QUESTIONS FOR FURTHER STUDY: Is the position tenable that sheol-hades always designates an underworld whither all the dead go? Why is it objectionable to believe that the Bible in its statements respecting sheol and hades simply reflects the popular notions of the day? Must we assume that the righteous and the wicked at death enter some temporary and provisional abode, and do not at once enter upon their eternal destiny? In what sense is the intermediate state only transitional? How did the notion of purgatory arise? How do Catholics conceive of the purgatorial fire? Is this fire merely purifying or also penal? What sound element do some Lutherans recognize in the doctrine of purgatory? What mixture of heresies do we meet with in Millennial Dawnism? Does the intermediate state, according to Scripture, represent a third aion between the aion houtos and the aion ho mellon? Is the Scriptural emphasis on the present as “the day of salvation” in harmony with the doctrine of a future probation?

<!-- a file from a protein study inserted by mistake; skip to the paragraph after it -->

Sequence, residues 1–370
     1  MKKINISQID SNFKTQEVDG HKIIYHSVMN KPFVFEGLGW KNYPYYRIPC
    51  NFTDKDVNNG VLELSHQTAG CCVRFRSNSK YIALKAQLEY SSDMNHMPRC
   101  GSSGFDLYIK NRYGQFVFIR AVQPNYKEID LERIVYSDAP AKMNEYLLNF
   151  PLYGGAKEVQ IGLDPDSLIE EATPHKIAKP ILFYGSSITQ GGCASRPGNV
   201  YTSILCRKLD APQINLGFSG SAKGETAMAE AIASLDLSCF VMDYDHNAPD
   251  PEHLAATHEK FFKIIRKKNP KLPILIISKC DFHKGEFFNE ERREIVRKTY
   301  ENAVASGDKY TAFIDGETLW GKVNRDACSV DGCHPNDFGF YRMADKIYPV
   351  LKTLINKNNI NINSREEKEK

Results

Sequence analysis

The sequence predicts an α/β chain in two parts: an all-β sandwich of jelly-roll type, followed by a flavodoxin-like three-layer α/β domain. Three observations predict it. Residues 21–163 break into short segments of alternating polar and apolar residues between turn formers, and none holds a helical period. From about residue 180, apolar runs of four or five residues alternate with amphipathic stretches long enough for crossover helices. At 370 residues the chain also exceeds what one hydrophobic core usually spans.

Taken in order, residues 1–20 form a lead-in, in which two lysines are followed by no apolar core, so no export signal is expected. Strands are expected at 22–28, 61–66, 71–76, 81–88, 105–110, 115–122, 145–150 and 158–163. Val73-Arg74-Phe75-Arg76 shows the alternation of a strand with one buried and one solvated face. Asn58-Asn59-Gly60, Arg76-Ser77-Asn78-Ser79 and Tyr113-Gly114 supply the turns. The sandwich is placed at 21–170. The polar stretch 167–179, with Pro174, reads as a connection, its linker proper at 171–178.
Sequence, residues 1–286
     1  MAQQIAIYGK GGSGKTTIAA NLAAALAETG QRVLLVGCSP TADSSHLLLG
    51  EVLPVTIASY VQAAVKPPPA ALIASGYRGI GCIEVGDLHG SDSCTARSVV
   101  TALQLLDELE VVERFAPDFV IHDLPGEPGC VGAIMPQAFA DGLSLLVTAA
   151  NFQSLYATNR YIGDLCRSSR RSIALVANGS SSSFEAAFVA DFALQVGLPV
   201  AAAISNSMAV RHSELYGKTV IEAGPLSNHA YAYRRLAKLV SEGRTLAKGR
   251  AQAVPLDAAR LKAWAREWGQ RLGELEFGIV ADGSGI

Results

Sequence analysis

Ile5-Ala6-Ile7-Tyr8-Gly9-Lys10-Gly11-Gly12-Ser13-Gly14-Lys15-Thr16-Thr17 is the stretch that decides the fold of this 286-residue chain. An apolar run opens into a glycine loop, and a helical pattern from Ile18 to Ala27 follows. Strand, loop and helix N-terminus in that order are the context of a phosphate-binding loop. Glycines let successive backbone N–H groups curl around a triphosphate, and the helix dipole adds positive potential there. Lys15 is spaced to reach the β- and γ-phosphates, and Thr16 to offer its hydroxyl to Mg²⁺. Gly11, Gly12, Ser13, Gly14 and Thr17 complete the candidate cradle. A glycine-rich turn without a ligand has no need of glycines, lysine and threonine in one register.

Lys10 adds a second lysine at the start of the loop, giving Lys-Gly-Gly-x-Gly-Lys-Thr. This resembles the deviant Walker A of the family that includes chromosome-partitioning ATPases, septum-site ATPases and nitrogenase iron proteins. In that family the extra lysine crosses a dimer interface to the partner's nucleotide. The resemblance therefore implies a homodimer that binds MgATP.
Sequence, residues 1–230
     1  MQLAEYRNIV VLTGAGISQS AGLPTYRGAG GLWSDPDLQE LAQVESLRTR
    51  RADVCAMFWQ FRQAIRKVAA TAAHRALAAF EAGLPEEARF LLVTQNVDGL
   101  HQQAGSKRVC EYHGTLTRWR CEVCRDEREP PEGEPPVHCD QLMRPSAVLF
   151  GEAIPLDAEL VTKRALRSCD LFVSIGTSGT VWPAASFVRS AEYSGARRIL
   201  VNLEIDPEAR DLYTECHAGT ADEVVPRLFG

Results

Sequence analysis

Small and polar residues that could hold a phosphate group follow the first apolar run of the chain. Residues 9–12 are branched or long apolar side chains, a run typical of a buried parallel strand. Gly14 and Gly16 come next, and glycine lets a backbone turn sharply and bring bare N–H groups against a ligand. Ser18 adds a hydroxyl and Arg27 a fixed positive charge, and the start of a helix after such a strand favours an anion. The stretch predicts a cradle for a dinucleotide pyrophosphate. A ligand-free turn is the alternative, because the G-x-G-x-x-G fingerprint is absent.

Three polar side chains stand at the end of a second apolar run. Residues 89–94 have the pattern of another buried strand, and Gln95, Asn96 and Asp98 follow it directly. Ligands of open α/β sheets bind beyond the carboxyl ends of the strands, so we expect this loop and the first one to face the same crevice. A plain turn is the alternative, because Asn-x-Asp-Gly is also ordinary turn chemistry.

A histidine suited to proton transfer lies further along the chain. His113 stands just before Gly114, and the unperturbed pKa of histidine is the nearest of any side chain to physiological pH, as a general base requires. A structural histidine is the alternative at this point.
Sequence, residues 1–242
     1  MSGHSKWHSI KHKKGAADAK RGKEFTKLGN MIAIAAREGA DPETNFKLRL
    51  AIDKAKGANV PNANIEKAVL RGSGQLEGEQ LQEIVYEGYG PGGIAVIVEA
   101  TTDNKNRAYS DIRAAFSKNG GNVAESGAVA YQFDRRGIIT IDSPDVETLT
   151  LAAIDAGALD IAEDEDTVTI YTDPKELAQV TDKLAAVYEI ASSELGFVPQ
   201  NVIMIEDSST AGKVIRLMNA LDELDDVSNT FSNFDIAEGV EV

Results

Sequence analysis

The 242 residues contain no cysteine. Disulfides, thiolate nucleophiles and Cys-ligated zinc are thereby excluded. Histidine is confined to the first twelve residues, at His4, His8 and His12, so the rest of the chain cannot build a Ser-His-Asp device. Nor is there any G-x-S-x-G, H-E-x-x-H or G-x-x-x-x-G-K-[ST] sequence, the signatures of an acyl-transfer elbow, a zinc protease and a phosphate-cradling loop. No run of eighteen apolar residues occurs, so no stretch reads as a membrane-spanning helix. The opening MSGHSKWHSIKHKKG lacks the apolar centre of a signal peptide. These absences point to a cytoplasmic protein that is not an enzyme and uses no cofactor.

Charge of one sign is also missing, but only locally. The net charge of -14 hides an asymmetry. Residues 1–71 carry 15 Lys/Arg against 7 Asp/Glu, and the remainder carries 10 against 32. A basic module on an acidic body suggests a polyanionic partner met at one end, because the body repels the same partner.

LITERATURE: Bavinck, Geref. Dogm. IV., pp. 655-711; Kuyper, Dict. Dogm., De Consummatione Saeculi, pp. 25-116; Vos, Geref. Dogm. V, Eschatologie, pp. 3-14; Hodge, Syst. Theol. III, pp. 713-770; Shedd, Dogm. Theol. II, pp. 591-640; Dabney, Syst. and Polem. Theol. pp. 823-829; Litton, Introd. to Dogm. Theol., pp. 548-569; Valentine, Chr. Theol. II, pp. 392-407; Pieper, Christl. Dogm. III, pp. 574-578; Miley, Syst. Theol. II, pp. 430-439; Wilmers, Handbook of the Chr. Rel., pp. 385-391; Schaff, Our Fathers’ Faith and Ours, pp. 412-431; Row, Future Retribution, pp. 348-404; Shedd, Doctrine of Endless Punishment, pp. 19-117; King, Future Retribution; Morris, Is There Salvation After Death? Hovey, Eschatology, pp. 79-144; Dahle, Life After Death, pp. 118-227; Salmond, Chr. Doct. of Immortality, cf. Index; Mackintosh, Immortality and the Future, pp. 195-228; Addison, Life Beyond Death, pp. 200-214; De Bondt, Wat Leert Het Oude Testament Aangaande Her Leven Na Dit Leven? pp. 40-129; Kliefoth, Christl. Eschatologie, pp. 32-126.